Teaching WebXR to 8-Year-Olds

Last week I taught an intro VR class at my local library using A-Frame. The students were much younger than I had expected (I thought tween meant 10 to 12) but we had a great time anyway. I just had to modify my approach.

Teaching programming to children is always tricky. Different students have different skill levels, and the difference of a single year can greatly affect their skill level. My solution was to do the first half of the class (we had 2 hours total) as a group. I showed them a few VR examples in a browser, then we all modified a project together. The key here is getting the kids to see that a change in the code will equal a change in the output. That the change is small (like a color or position) doesn’t matter. As long as there is some change the kids will get it.

If you haven’t used it before, A-Frame is a WebXR framework built on top ThreeJS. It lets you make web-based VR experiences using simple markup rather than JavaScript code. The markup is far easier for the students to understand than procedural code. Almost every component in the markup maps directly to one thing in the output, making the mental association far easier. Here’s a simple example of some A-Frame markup:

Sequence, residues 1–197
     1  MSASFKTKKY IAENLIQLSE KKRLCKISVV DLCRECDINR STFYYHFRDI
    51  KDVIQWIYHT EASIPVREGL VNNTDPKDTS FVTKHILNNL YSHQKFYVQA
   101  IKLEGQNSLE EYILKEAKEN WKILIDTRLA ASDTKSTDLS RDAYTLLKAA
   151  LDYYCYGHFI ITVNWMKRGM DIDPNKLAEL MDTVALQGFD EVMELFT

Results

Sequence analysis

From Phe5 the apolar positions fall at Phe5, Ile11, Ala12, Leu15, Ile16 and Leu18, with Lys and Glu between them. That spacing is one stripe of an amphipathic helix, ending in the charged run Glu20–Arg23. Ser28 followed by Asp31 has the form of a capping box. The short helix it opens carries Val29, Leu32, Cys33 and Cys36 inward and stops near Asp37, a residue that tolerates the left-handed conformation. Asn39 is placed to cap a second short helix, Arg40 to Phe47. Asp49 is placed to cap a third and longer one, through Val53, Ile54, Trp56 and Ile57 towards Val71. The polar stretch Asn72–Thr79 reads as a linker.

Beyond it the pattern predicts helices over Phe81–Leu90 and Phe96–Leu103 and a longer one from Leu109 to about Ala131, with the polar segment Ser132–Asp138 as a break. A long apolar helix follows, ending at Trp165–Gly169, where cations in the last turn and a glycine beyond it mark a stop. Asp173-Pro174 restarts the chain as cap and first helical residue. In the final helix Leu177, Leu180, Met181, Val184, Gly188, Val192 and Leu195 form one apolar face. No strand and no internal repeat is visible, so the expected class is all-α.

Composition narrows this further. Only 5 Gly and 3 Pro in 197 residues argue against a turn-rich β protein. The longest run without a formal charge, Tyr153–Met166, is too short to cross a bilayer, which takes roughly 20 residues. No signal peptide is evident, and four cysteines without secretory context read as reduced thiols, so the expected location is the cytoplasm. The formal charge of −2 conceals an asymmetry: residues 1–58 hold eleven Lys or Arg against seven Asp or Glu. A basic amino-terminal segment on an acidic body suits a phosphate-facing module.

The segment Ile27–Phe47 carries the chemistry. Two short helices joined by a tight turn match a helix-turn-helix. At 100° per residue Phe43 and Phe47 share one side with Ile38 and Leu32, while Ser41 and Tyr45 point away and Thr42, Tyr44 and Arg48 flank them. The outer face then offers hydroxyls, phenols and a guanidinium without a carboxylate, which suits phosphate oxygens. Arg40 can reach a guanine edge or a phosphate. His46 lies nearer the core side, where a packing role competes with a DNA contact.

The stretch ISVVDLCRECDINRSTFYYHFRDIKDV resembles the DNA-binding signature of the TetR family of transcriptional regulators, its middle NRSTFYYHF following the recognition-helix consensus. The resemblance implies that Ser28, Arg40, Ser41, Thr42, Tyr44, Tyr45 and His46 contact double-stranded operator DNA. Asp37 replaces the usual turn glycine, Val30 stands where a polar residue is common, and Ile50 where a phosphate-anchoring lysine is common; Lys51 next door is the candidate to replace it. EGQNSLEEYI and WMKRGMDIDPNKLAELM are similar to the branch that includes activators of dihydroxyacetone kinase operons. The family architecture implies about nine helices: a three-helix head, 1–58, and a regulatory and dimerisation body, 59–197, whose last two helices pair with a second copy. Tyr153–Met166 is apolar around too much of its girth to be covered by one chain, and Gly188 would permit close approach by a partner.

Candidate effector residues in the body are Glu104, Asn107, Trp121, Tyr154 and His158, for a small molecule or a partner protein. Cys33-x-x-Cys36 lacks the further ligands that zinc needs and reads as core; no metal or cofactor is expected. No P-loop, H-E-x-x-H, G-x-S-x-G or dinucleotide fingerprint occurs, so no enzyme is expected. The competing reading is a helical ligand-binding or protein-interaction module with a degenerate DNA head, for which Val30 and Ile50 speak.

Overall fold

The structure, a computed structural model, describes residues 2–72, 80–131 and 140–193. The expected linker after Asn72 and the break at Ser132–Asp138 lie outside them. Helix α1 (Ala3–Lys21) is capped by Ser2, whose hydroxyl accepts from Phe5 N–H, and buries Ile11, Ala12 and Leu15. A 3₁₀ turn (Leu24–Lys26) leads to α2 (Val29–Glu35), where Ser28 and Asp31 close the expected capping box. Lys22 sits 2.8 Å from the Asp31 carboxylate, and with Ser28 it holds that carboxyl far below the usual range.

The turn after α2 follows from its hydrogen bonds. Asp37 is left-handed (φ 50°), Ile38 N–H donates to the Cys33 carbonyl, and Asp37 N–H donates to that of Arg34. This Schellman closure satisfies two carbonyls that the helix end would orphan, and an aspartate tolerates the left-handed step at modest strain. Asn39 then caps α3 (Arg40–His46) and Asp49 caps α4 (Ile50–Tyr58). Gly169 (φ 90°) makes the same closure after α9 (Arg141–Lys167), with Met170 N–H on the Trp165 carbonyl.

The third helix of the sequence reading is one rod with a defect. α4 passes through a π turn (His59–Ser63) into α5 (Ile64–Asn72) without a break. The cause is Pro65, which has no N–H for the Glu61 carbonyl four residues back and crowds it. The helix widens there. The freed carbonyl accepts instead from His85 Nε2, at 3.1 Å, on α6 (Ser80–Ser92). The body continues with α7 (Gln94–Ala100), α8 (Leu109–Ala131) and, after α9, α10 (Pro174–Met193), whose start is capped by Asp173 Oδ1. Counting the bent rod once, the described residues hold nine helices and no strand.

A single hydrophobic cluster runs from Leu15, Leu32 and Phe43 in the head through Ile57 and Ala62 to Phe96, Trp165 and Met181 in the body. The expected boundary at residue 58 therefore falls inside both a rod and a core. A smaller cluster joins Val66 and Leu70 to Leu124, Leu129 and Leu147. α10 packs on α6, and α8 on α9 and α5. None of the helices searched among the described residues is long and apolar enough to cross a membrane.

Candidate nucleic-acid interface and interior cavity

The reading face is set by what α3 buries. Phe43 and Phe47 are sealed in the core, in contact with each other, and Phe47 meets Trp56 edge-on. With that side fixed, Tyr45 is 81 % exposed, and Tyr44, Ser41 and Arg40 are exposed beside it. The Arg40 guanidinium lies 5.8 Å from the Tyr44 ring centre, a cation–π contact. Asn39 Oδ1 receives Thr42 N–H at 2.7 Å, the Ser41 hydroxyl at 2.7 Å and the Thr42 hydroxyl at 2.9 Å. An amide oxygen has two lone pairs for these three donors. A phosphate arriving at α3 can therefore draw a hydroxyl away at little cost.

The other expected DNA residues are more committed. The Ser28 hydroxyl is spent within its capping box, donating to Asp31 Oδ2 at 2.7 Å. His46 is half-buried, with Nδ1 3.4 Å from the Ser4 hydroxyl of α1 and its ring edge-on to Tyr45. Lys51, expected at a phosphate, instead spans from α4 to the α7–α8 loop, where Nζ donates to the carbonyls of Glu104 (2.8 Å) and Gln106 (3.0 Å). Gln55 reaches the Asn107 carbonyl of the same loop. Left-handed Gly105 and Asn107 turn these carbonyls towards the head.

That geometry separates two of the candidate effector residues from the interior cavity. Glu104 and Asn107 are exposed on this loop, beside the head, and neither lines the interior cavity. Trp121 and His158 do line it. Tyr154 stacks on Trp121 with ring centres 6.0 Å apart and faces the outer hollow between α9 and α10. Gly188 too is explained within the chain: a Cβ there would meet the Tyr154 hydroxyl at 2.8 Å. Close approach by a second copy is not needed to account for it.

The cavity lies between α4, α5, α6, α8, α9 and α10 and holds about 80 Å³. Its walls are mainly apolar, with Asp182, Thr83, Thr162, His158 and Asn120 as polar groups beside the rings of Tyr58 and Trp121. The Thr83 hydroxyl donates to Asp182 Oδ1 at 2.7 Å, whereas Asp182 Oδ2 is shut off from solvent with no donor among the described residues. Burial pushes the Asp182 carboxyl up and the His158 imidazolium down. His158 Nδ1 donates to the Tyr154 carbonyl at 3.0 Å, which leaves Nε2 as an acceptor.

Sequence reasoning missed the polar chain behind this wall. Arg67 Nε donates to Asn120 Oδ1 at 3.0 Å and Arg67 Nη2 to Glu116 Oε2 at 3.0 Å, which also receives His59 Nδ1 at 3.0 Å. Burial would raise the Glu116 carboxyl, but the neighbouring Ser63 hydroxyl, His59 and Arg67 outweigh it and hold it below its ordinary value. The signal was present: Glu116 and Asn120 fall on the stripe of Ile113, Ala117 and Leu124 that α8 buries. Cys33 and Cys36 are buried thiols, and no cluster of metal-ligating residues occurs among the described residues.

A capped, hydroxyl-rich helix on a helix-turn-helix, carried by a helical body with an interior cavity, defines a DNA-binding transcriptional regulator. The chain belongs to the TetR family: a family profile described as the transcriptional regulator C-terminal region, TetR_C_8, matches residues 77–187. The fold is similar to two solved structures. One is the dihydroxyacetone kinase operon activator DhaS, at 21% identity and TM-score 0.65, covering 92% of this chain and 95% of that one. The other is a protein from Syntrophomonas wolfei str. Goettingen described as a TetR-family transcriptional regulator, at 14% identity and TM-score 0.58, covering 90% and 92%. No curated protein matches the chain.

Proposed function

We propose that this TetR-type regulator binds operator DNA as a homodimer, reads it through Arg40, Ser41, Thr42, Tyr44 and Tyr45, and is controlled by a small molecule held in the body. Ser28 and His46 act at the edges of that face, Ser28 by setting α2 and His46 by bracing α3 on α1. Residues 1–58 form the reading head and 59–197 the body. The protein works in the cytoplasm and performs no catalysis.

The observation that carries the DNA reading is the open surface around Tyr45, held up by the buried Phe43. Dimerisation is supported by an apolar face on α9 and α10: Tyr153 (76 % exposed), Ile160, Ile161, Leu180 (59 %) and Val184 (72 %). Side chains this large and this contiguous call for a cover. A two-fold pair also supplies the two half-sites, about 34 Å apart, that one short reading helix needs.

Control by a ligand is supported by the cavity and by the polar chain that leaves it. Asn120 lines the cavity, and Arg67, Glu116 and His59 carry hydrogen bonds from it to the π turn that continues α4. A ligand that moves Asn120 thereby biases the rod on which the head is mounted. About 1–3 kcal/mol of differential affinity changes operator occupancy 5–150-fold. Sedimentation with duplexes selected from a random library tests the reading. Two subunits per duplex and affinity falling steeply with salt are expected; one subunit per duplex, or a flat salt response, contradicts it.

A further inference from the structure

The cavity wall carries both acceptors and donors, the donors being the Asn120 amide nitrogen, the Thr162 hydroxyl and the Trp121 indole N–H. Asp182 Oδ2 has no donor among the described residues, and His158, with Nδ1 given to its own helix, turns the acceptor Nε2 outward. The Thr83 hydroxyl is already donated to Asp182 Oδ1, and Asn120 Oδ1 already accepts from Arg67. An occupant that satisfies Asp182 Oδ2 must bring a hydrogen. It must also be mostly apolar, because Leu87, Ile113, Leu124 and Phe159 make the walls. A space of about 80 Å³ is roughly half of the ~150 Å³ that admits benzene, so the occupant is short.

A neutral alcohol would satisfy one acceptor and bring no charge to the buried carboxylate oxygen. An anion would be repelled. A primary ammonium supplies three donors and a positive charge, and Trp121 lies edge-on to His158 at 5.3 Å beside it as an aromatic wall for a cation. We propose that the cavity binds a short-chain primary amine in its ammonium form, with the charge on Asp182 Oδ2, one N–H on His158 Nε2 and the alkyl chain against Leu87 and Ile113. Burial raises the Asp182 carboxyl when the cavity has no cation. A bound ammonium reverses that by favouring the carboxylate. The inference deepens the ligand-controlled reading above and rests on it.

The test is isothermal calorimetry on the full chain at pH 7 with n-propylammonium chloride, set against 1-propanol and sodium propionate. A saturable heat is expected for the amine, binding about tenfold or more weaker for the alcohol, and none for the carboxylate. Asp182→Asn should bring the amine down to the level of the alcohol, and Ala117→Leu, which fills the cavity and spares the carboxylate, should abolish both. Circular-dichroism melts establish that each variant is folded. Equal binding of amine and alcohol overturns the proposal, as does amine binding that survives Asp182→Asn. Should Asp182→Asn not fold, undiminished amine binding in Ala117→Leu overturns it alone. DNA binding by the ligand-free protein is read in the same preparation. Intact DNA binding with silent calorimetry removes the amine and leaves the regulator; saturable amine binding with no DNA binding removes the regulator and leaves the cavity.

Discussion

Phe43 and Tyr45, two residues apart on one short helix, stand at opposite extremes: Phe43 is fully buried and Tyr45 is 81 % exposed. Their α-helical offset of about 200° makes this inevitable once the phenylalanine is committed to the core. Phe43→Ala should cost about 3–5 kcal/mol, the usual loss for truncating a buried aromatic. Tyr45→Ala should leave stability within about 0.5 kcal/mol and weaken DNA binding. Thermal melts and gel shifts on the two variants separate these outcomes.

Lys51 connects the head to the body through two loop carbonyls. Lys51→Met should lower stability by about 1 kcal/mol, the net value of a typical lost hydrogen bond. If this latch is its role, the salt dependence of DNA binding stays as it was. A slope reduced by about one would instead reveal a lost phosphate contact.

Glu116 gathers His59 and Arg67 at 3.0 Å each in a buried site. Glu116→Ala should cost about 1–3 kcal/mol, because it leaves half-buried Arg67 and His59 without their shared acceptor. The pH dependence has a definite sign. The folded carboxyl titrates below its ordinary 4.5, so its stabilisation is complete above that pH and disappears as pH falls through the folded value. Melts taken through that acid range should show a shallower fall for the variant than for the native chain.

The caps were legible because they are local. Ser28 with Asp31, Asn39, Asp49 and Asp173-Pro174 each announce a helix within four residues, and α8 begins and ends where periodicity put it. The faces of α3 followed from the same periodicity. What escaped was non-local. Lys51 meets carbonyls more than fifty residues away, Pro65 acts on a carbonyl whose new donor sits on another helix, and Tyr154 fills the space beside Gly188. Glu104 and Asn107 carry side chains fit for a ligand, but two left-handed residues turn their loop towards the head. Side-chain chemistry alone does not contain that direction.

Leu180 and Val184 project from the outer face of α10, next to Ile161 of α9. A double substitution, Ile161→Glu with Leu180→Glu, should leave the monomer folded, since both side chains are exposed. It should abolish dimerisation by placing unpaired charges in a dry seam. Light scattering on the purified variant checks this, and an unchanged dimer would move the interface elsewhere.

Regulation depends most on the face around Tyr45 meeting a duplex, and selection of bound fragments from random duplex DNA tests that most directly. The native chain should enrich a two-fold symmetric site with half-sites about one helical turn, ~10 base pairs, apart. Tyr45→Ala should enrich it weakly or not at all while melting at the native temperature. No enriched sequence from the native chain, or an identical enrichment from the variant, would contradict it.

<a-scene>           
<a-sky color="white"></a-sky>
<a-entity
geometry="primitive:box; width:1; height:1; depth:1"
material="color:teal"
position="0 1.5 -4"
rotation="0 30 0"
></a-entity>
</a-scene>

I started with an existing Glitch project for them to remix or modify. After about an hour of group work I let the students experiment on their own. Fun fact: children often don’t have email addresses, making the use of a service that doesn’t require a login essential. Glitch fits the bill nicely.

All that said, doing anything with syntax is tricky for a child who has never written code before. Even when just copying and pasting they can easily forget a bracket or unbalance the quotes. Syntax is just hard for any eight-year-old. However, the twelve year olds had no problem at all perfectly copying code from my screen then modifying it themselves.

The syntax problem makes me think there is room for a visual VR tool that semantically is the same as A-Frame, but lets you modify properties of a tree structure instead of writing markup in a text editor. Hopefully someone will make a tool like that.

In the meantime, I created a cheat sheet that anyone can use. I tried to compress as much information as possible into it without going over a single page (front and back). Since the kids immediately want to start adding models and images from the web, I provide a few links for them.

One word of warning: A-Frame on Glitch can access GLTF files, but you can’t host a folder containing a GLTF with its resources because Glitch’s CDN generates random names for everything, breaking relative paths. At some point I’ll put together a collection of pre-approved assets to make life easier, but in the meantime just be aware of the challenge.

I hope these notes help you when teaching your own A-Frame workshop.